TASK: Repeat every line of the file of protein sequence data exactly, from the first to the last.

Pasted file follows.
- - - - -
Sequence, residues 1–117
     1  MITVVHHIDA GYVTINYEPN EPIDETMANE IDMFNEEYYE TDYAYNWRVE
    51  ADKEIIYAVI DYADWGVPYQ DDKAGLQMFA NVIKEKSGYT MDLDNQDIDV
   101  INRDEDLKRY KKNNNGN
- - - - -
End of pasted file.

Sequence, residues 1–117
     1  MITVVHHIDA GYVTINYEPN EPIDETMANE IDMFNEEYYE TDYAYNWRVE
    51  ADKEIIYAVI DYADWGVPYQ DDKAGLQMFA NVIKEKSGYT MDLDNQDIDV
   101  INRDEDLKRY KKNNNGN